The nature of our upcoming site theme refresh provided me with an interesting challenge:
- Keep the production site alive and in use during development.
- Don’t enforce a content freeze on production during development.
- Have a development site available for page building and review.
- Provide a mechanism for the development team to be notified about content changes in the production environment.
- Only update certain post/page content for pages with given ID numbers.
- Manipulate certain post meta fields for specific pages.
- Ensure no IDs change or get created during the deployment process.
- Deploy changes on launch day to production quickly, en masse, and with minimal staff.
We’ve always had a DEV site, but the trouble we always faced was how we get content from DEV up to PROD once it was ready. There were a few options, but each had drawbacks:
- WordPress import tool. This tool has unpredictable results and is designed for whole-site importing, not necessarily for importing selections of content. Instead of updating existing page content, it might add new posts and create duplicate content. It could also change IDs of existing pages, and there’s no simple way to monitor what it’s doing.
- SQL import. On a complex multisite setup such as ours, the idea of trying to target updates to only certain posts and certain post meta fields is theoretically possible, but in reality would be a logistical nightmare.
- Popular WordPress migration tools. There’s a bunch out there, but not all of them work well with multisite, or specific subsets of migration data. Also, there isn’t enough time to evaluate each one. More importantly, selecting a plugin tool puts the migration in a vulnerable spot – if there’s a bug with the migration tool that we don’t discover until launch day, this could threaten the success of our launch.
- Manually copy-and-paste content changes. No joke, it’s actually a proven method and we have had a lot of success with it. Yes, it’s an archaic and tedious method, but for small deployments it’s a realistic deployment method. There are actually some benefits to this method, including: no surprises, and assured personal review of each page migrated. But, in our current case of migrating hundreds of pages, this method is not practical, and no one wants to volunteer to give up their weekend to do a task that’s this laborious.
I decided to see if WP CLI offered the functionality required, and it turns out that it does, and does so beautifully. In order to be a viable option, WP CLI needed to be able to do the following things:
- Change page templates in bulk – YES.
- List ID numbers for all pages – YES.
- List ID numbers for all pages with a certain parent – YES.
- Export and import page meta fields – YES.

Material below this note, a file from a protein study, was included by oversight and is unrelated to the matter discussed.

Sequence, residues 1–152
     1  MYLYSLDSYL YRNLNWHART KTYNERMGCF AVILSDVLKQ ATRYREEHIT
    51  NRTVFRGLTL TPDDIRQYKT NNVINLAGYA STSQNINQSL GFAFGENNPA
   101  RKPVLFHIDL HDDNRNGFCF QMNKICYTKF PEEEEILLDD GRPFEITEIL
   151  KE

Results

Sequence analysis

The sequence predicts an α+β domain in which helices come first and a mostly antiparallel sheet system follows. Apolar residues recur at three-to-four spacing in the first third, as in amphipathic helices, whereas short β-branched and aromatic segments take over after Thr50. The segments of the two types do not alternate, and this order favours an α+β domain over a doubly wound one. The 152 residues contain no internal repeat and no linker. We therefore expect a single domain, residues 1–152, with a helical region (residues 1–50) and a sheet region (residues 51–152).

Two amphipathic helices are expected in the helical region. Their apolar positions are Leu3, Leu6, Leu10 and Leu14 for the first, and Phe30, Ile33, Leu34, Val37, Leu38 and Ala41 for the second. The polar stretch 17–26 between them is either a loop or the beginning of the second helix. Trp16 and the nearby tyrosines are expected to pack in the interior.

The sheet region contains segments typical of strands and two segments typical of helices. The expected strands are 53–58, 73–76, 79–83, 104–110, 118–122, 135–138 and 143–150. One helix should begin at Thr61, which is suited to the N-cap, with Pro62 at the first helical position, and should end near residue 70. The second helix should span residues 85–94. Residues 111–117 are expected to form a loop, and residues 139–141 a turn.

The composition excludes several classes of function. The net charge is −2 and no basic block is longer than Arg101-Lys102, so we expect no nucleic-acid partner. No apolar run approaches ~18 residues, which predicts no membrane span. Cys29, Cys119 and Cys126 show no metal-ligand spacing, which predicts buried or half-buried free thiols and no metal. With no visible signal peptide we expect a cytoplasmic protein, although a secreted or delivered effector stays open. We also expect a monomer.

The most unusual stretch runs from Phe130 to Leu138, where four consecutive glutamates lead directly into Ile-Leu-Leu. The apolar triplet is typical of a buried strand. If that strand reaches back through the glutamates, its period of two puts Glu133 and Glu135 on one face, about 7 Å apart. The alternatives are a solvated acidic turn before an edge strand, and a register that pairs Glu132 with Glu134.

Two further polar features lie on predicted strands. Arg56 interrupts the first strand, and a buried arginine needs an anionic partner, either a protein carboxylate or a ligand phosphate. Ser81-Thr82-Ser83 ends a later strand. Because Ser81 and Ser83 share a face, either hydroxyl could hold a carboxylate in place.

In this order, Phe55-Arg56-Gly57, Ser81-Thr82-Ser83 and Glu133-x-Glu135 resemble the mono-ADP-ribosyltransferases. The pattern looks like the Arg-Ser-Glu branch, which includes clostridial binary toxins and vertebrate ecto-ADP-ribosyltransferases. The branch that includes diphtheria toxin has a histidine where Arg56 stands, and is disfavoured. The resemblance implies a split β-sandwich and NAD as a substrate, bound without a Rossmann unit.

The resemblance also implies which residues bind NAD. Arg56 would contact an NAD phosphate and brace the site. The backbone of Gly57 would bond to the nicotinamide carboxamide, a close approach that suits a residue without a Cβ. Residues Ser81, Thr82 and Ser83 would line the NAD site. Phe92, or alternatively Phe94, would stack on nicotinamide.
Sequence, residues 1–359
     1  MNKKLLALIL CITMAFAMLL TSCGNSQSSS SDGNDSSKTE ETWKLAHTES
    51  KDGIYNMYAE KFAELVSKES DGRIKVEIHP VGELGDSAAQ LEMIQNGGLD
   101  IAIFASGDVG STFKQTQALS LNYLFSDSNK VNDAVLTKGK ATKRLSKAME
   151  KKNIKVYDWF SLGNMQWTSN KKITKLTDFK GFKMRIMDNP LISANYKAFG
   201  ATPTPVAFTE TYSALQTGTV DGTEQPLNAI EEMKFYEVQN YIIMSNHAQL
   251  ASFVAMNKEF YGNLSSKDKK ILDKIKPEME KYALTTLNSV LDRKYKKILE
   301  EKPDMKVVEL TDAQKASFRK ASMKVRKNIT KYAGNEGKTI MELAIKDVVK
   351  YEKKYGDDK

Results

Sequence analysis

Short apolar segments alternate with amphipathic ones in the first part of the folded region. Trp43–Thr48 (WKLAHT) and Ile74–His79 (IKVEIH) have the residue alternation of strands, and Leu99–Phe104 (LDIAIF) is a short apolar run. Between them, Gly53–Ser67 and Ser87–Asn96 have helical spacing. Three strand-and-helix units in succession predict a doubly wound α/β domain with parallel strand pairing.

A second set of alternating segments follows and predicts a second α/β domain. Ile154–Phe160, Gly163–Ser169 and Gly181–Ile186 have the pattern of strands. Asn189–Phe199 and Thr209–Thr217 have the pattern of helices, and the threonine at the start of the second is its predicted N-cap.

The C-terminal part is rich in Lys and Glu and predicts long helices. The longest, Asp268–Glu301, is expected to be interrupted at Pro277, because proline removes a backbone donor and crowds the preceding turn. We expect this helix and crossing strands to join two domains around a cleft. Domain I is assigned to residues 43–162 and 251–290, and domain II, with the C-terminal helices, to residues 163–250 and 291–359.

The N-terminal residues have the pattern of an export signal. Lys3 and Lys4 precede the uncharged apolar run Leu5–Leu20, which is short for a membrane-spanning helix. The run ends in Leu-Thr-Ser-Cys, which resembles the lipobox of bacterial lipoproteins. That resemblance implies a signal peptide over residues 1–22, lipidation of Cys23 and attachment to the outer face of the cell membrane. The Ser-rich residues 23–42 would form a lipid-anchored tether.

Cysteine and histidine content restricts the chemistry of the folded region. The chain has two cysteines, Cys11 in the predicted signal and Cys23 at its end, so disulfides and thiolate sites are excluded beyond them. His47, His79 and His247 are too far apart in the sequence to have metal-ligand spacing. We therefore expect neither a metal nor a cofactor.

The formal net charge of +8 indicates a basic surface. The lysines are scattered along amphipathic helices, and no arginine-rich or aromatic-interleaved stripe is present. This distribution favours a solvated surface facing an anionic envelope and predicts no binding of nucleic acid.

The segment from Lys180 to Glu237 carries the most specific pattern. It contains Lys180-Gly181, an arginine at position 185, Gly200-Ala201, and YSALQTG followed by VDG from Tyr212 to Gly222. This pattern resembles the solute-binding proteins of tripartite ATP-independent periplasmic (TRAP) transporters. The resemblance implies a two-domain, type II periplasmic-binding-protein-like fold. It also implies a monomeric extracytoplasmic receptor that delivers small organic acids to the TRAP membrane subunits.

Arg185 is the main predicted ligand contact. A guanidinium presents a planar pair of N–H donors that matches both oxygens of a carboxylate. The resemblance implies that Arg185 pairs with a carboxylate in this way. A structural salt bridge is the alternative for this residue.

- Export and import page content – YES.
Having this tool available for our use will be a tremendous benefit for deployment. Since it works on individual pages and can manipulate post meta keys one-by-one, we can use it to change items in a controlled and predictable manner. The tool’s popularity and simple, focused design builds my confidence that it will work reliably now during pre-deployment tests as well as under the pressure of launch day in a few weeks from now.
On launch day, the overall process for our migration will be as follows.
- Use WP CLI to list all page IDs that we want to migrate, storing that as a list for future reference.
wp post list --post_type=page --url=dev.domain.com
- For each of those page IDs, export the page content:
wp post get [POST-ID] --field=content > content-[POST-ID].txt
- For each of those same page IDs, export the page meta fields we want to migrate:
wp post meta get [POST-ID] [META-KEY] > meta-key-name-[POST-ID].txt
- The resulting TXT files store all of the content from DEV that we want to upload to PROD. All that’s left is to get those files to PROD and run the complementary WP CLI commands to load the changes into the production site.
The only gotcha here is that any changes made to the page content on PROD during the development phase (1-2 weeks) will not be automatically brought over to DEV. This is good in some cases (we have a lot of content that we don’t want to synchronize as a part of this migration), but it creates a situation where updated content on PROD would be lost if we imported the DEV content. Since our site page content is relatively static, we can manually keep track of any page changes and make them manually to DEV during the development phase.
To help notify us of changes to PROD, we run a plugin that emails us with any changes to site page content. If an editor makes changes to PROD content during the development period we can mirror those changes on DEV. We have also asked the larger team of site editors to email us if they make any changes so that we can ensure they are synchronized in DEV and not lost during the launch.
In conclusion, I’m happy to report that our migration will be successful and won’t require us to work long hours doing tedious tasks over launch weekend, all thanks to WP CLI. I’m very grateful that we have a powerful tool like this available at our disposal, and my team is happy they won’t be asked to work during their weekend time off.